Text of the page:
|Title||Chemical effects on the deposition of non-Brownian particles|
|Publication Type||Journal Article|
|Year of Publication||1989|
|Journal||Colloids and Surfaces|
In this work, the effects of changes in solution chemistry on the deposition of non-Brownian latex particles in beds of glass bead porous media are examined. Experimental results are presented for the effect of varying [Ca2+] at pH 7 on the zeta potential and initial deposition of 4 μm diameter polystyrene particles in packed columns of 0.4 mm diameter glass beads. The experimental results show that initial removal efficiencies can be reduced by approximately two orders of magnitude under unfavorable chemical conditions, i.e., in the presence of repulsive electric double layer (EDL) interactions. As conditions become more unfavorable, deposition is gradually decreased.
The effects of chemistry on deposition are modelled by coupling surface chemistry, surface interaction force, and particle transport theories. Particle deposition is modelled using trajectory calculations with Happel's sphere-in-cell porous media model. Chemical effects are incorporated by including EDL interaction forces in the trajectory model. The EDL interaction force is calculated from experimentally-derived zeta potentials, assuming that these represent the potential at the onset of the diffuse layer.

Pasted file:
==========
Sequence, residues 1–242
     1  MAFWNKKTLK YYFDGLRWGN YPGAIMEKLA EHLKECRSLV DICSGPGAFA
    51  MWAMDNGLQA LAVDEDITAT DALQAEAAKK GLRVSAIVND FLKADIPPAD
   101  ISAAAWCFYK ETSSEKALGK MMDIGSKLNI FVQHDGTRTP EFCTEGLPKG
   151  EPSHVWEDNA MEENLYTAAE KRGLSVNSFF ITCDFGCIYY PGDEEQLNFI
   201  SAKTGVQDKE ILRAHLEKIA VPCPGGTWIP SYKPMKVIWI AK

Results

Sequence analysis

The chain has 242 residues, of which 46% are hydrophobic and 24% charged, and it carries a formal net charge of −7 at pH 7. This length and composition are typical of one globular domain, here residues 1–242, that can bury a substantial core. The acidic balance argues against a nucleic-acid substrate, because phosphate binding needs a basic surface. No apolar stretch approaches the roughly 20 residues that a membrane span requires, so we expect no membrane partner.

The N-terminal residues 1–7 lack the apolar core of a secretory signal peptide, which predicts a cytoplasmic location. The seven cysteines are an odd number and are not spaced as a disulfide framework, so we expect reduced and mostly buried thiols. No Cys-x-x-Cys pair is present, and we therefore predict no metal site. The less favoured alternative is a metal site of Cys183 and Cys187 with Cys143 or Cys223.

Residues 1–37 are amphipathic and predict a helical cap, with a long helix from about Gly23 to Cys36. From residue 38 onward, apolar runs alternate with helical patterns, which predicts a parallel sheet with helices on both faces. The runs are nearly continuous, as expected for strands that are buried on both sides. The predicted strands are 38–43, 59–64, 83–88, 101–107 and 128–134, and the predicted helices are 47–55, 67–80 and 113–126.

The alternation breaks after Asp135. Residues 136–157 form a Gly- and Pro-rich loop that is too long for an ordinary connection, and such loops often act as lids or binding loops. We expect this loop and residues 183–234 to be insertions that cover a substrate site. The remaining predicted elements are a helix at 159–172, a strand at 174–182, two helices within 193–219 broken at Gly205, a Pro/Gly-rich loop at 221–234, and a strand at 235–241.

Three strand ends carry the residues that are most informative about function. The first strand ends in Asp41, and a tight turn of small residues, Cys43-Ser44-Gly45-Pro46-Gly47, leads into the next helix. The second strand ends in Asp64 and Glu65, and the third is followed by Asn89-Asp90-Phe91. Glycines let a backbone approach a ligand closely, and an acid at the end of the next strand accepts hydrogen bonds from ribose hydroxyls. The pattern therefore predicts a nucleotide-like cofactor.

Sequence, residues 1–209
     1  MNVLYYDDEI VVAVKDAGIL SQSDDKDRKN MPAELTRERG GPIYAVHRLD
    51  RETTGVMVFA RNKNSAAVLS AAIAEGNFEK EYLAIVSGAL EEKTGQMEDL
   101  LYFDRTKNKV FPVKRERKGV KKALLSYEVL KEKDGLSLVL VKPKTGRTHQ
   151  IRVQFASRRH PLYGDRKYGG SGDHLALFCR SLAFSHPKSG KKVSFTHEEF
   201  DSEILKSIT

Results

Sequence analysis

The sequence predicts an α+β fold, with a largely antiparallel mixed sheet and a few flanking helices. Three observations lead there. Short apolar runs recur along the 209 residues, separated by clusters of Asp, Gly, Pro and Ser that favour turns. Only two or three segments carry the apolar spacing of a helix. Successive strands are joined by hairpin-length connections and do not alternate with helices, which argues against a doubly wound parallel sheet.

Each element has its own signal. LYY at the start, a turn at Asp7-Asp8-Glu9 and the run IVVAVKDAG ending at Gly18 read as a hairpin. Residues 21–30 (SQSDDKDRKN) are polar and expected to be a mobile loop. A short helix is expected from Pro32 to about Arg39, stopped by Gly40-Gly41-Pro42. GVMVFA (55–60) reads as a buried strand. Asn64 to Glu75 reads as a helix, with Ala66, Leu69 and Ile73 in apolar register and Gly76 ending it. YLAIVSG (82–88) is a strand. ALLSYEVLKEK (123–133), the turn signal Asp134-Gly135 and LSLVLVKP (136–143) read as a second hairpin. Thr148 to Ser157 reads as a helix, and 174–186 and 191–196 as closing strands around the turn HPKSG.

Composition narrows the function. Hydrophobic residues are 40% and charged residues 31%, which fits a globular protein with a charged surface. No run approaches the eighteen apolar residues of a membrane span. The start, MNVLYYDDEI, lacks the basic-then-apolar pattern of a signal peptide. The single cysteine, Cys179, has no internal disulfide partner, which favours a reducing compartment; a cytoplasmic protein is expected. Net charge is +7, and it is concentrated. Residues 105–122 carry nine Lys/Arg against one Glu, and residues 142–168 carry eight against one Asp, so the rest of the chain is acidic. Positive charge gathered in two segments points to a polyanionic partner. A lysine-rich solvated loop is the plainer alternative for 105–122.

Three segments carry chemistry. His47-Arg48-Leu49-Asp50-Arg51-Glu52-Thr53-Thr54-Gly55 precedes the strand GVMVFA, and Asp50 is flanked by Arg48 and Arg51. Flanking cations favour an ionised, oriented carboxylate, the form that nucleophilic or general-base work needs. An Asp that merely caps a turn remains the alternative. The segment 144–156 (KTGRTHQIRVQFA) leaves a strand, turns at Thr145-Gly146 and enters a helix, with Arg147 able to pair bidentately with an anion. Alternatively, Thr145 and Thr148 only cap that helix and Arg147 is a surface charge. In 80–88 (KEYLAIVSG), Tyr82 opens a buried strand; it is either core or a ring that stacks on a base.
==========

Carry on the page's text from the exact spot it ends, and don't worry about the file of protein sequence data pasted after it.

A comparison of model predictions and experimental results reveals quantitative agreement for favorable chemical conditions. However, the usual failure of deposition models that include EDL interaction effects to correctly predict the efects of unfavorable chemical conditions on deposition is observed. The model predicts an abrupt decrease to zero removal at a critical repulsive force while the results illustrate a gradual decrease in deposition as the conditions become more unfavorable.
An analysis of some of the possible explanations for the failure of the ‘chemical model’ is presented. The effects of a stochastic distribution of particle and collector zeta potentials does not account for the discrepancy between theory and experiment. The effects of surface roughness, heterogeneous surface chemistry properties, salvation forces, hydrophobic effects, and dynamic aspects of EDL interactions may explain the observations. Estimates of the importance of some of these effects for the experimental system studied are presented. Using the trajectory model, characteristic times for the interaction of EDLs as a particle is transported towards a collector are calculated. These times can be compared to estimates of characteristic times for the relaxation of diffuse layers, charge transfer in fixed layers, and fluctuations in repulsive interaction energy barriers in examinations of theories to describe the observed effects of chemistry on particle deposition.